4. Free tubesites – A good lawyer could possibly argue that free tubesites making pornography available are not doing so on a commercial basis.

iii. Such is the extent of pornography provided "non-commercially" that when the media inevitably test the law, pornographic material will be found just as easily as it is now.

b. What would the electorate think? – The government is reneging on its Manifesto pledge, watering down the law, leaving known loopholes, and does not have the will or courage to tackle the real problem. Most importantly it leaves children unprotected.

c. Proposed Amendments:

i. Remove "on a commercial basis" from S15(1), S15(2), S19(3), and S23(1)(a).

ii. Remove "which is operated on a commercial basis" from S15(2)(a).

iii. Remove "which is operated or provided on a commercial basis" from S15(2)(b).

iv. Remove "as operated or provided on a commercial basis" from S15(3)(b).

v. Remove "as done on a commercial basis" from S13(3)(c).

2) Enforcement Loophole

a. Non-compliant sites must be blocked at ISP level: without such enforcement they will continue to flourish.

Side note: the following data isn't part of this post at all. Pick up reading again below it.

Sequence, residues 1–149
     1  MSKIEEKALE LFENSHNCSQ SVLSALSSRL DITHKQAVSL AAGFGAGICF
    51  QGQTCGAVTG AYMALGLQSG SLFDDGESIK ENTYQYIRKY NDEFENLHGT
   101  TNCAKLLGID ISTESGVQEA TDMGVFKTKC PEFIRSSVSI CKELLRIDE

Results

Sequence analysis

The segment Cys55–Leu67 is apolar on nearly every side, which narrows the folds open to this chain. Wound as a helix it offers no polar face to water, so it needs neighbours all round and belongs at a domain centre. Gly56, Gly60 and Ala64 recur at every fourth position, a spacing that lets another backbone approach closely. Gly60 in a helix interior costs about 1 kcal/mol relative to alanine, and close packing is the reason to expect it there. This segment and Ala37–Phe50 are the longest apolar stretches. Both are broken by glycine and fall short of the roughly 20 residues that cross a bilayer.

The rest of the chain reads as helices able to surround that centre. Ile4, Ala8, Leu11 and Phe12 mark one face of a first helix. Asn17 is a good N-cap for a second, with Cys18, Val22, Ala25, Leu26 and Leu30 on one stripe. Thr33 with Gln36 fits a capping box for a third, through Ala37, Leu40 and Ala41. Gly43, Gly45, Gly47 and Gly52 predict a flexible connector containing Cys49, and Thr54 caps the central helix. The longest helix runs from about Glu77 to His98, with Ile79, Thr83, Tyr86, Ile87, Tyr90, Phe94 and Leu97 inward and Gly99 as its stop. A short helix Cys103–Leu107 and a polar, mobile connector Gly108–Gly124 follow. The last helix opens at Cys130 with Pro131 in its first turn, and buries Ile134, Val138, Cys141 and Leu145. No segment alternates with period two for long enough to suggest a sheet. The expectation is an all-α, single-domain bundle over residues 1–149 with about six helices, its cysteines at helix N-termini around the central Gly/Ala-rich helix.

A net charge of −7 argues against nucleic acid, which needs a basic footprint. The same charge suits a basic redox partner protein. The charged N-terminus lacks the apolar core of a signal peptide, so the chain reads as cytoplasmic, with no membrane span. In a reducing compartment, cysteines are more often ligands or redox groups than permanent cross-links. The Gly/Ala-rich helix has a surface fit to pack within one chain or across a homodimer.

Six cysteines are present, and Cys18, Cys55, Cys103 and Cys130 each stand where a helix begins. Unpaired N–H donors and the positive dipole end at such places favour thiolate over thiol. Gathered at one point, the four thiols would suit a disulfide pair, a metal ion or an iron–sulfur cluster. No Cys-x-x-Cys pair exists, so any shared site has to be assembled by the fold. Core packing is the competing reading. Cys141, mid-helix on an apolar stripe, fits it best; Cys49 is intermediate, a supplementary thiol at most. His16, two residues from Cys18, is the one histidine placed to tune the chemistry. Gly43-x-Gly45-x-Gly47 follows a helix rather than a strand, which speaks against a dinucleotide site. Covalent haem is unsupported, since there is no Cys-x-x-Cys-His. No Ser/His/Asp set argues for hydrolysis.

i. The regulator must be given the necessary tools with a mandate to enforce the law.

ii. The power to block non-compliant sites is fundamental to child protection.

iii. A substantial number of sites hosting pornography will not respond to financial penalties, if they can be contacted at all.

iv. Many sites hide their contact details behind anonymous registration services, so their ownership and contact information is not listed on the WHOIS database (the publically available database containing the records of which person or company owns a particular site/domain).

v. ISP blocking is already used for Child Sex Abuse Images and enforcing Intellectual Property Rights (e.g. geo-blocking of copyrighted material), conditions of service (e.g. usage caps).

vi. The Bill proposes that Ancillary Service Providers be only asked to withdraw their services, what if they decline? What power will the regulator then have to enforce the law?

vii. Non-compliant sites could take payments via anonymous currencies such as BITCOIN, which cannot be withdrawn.

b. What would the electorate think? - It would be a very poor message to send that the government prioritises Intellectual Property Rights over child protection, and is not serious about enforcement.

c. Proposed amendments:

i. Either amend S22(1) to read "it may give notice of that fact to any payment-service provider, ancillary service provider, or internet service provider.

ii. Or include "internet service provider" in the definition of "ancillary service provider" (see point 3 below).